Top UK housebuilder Redrow has increased the amount of money it has set aside to fix fire safety issues to more than five times an original estimate, in response to tougher demands on developers laid out by housing secretary Michael Gove. 

Housebuilders have been trying to move on from a long-running building safety crisis that came to light after the 2017 fire at Grenfell Tower in London.

This week a number of leading builders signed up to a government pledge committing them to fix any potentially unsafe blocks higher than 11m that they were involved in building in England over the past 30 years. 

For Redrow, that pledge will mean additional costs of £164mn, far beyond the £36mn the company had previously set aside to remedy issues, taking its total provision to £200mn. 

While conceding that leaseholders in affected blocks should not have to pay for repair work, developers have privately bristled at what they describe as unfair targeting by Gove’s department.

Gove told developers earlier this year they would have to dig deeper to fund building safety work, putting them on the hook for the bulk of an estimated £4bn bill to remedy blocks between 11m-18m high. That outlay is on top of a targeted levy on the sector introduced by Gove’s predecessor Robert Jenrick.

Others involved in the process of constructing blocks now regarded as unsafe — including cladding and insulation manufacturers, contracting companies that deliver the buildings and the government bodies setting building regulations — have not been hit with similar bills.

The initial figure earmarked by Redrow covered only those blocks it had built itself, but the much larger provision announced today covers those buildings outsourced for construction to contractors. Redrow said on Wednesday it would try to recover some of those funds from contractors but added there was no guarantee it could do so.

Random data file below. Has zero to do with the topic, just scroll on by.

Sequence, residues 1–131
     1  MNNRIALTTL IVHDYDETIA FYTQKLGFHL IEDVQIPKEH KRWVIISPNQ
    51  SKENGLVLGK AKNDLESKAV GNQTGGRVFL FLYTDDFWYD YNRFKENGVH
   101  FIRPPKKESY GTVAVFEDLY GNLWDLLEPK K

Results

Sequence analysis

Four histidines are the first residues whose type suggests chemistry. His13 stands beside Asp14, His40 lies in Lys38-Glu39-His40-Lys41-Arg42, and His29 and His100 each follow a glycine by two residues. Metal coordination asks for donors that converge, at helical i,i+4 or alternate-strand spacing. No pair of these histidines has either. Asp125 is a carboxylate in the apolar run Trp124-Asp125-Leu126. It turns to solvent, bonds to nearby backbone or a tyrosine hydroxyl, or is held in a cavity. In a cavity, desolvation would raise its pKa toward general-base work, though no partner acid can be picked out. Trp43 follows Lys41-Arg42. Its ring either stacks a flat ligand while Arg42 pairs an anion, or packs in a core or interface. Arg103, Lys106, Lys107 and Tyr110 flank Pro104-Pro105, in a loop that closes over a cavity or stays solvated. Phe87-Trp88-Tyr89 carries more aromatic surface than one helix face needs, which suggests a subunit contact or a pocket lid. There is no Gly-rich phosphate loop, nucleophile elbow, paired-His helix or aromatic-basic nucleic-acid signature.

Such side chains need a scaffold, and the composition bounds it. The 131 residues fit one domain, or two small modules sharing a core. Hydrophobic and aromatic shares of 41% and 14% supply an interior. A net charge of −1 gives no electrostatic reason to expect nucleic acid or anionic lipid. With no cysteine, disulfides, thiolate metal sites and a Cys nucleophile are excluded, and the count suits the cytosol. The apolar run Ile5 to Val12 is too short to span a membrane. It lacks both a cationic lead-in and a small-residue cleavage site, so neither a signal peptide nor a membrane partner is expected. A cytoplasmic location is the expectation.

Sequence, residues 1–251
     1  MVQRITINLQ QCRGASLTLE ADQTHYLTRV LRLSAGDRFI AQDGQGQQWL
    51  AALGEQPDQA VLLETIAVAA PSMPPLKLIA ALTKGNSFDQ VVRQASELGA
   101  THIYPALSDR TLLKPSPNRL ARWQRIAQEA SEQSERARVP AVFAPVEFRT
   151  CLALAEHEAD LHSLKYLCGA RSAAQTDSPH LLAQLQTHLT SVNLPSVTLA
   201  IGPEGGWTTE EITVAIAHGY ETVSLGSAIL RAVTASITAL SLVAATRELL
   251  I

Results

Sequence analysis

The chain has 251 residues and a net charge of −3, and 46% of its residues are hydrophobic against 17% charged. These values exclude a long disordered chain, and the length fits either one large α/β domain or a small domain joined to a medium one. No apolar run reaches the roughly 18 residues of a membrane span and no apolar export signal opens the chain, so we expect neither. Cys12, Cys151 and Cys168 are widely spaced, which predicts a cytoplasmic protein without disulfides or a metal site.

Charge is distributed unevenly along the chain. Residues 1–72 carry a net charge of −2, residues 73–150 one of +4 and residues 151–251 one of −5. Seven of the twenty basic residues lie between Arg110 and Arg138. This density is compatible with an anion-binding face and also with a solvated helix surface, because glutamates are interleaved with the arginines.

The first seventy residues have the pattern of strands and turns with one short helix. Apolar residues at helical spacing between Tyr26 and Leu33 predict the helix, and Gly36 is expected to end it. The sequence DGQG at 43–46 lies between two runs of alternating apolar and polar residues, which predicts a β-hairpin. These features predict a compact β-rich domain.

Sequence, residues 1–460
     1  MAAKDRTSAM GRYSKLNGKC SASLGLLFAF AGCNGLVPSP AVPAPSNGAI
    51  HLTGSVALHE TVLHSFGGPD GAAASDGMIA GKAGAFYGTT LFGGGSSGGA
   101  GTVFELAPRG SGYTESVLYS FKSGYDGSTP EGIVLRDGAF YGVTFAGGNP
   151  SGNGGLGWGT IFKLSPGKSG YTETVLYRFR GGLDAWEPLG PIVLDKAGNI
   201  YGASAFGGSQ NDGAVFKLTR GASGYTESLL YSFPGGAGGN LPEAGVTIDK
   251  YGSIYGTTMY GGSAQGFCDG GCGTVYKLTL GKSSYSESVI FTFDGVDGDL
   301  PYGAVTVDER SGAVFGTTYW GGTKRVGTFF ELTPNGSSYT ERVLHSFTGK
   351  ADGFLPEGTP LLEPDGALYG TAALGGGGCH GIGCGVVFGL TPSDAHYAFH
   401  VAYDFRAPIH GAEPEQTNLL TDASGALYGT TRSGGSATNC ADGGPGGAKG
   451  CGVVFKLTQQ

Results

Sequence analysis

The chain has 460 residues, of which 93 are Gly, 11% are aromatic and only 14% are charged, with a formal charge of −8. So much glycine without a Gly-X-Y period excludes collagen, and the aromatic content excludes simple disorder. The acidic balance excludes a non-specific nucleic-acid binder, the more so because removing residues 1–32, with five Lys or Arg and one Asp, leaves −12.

The group said it did not yet know how many buildings were affected and suggested the work might take “a number of years to complete”. It also pointed out that it did not traditionally build above 11m but had been encouraged to do so by the government between 2000 and 2010.

Gove’s demand that builders pay to fix mid-rise and high-rise blocks has been backed up by a threat to cut developers out of government funds and the planning system if they fail to do so. That has spurred the majority of large listed builders to increase their provisions or commit to cover the work within the budgets they had already put aside.

Although Redrow’s share price was down 2.3 per cent in early trading to £5.13, a string of announcements since Tuesday have not hit stock prices across the sector hard, with developers indicating that the costs would be borne over a period of years.

Gove has demanded that 53 developers sign the pledge but the ability of smaller, non-listed builders to bear the costs of repair work is less clear. A number of less well-capitalised private developers have yet to indicate if they will sign and could be shut out of the housing market if they are unable to meet the costs of doing so.

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